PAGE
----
After reading a few recent threads on various skills people do or don’t have, or were or were not taught, the skill of balancing a checkbook has come up more times than anything else. Now, I didn’t really think this qualifies as that much of a skill, it’s really just adding and subtracting, I don’t really see what’s so hard to learn about it.
Maybe my concept of what it is is wrong, but I’ve always assumed balancing a checkbook is, at the end of the week, let’s say, you go through all the checks you’ve written, ATM withdrawls, deposits, debit card purchases, etc…and come up with a total amount out or into your account, then figure out your new account balance. Why is this something that needs to be taught? Isn’t it just common sense that you should know how much money youi have? Hell, I don’t even do it, I just keep a running tally in my head. Granted, sometimes I do lose track of what I have bought and how much it was (just recently, for example. I have made several small purchses and deposits cause I just moved.) But, more or less, I know how much I have without having to write everything down, and if I do need to double-check, I just look online and voila, there is my balance, though it might not have all of today’s transactions.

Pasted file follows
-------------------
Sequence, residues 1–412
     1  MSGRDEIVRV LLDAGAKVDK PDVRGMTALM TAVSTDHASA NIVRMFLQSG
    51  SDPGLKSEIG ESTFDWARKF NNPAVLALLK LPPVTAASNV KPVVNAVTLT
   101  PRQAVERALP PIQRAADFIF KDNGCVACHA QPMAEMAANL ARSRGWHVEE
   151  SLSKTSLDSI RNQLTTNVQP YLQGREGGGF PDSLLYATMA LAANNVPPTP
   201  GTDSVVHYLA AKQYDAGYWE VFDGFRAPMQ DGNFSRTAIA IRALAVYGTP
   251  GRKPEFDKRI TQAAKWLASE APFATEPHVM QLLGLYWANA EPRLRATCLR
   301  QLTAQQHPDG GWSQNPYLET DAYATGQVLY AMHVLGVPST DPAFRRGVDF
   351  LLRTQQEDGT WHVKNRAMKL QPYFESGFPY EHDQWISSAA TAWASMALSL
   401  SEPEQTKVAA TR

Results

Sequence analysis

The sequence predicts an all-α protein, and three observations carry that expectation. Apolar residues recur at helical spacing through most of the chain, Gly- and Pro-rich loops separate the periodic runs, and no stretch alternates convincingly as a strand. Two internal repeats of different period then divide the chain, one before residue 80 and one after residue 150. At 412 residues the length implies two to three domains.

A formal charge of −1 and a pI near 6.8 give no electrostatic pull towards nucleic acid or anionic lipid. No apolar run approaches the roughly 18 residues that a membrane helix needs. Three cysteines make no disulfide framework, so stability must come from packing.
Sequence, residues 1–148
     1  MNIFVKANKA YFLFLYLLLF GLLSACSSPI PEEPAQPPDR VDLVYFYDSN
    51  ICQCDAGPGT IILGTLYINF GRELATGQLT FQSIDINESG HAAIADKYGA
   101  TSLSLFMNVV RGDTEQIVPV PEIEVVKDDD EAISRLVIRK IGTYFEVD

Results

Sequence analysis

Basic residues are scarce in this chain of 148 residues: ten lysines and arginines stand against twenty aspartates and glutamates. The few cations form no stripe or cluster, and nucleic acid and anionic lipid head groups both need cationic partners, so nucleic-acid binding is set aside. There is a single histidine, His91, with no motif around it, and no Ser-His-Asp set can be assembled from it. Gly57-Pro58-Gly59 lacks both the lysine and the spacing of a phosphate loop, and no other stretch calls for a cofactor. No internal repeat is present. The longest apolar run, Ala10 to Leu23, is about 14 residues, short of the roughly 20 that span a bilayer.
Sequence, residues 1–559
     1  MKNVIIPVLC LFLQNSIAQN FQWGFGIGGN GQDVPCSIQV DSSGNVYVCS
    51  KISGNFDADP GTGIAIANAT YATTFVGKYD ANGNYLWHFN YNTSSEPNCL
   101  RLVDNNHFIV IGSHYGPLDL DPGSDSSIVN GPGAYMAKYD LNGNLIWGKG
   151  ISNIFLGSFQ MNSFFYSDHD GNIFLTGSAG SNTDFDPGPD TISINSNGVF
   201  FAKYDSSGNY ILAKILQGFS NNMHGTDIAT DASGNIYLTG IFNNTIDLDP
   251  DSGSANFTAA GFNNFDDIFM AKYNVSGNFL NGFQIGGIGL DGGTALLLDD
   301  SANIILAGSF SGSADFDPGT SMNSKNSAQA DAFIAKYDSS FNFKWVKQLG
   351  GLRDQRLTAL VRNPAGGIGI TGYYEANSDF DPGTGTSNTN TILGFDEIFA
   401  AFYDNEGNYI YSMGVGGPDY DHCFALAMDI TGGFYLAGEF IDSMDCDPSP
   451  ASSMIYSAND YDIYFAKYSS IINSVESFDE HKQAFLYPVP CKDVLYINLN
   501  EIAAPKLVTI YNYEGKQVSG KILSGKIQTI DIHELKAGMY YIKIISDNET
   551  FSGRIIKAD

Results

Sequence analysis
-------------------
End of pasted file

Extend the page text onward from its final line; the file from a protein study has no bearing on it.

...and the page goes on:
So, anyone else out there use this method? For some reason it just seems easier for me to do this than to remember every week to balance my checkbook. It’s easy for me to forget to do small tasks like that, so if I tried to do it, I’d probably not do it for two motnhs and find out I’m overdrawn by $500. By forcing myself to keep a running tally in my head, I (almost) always know how much I can spend.
Of course, I only have one bank account. I’m willing to agree that if I had more than two, then I would probably need to do some more organized form of management to keep track of all of them, but for now, this works for me just fine.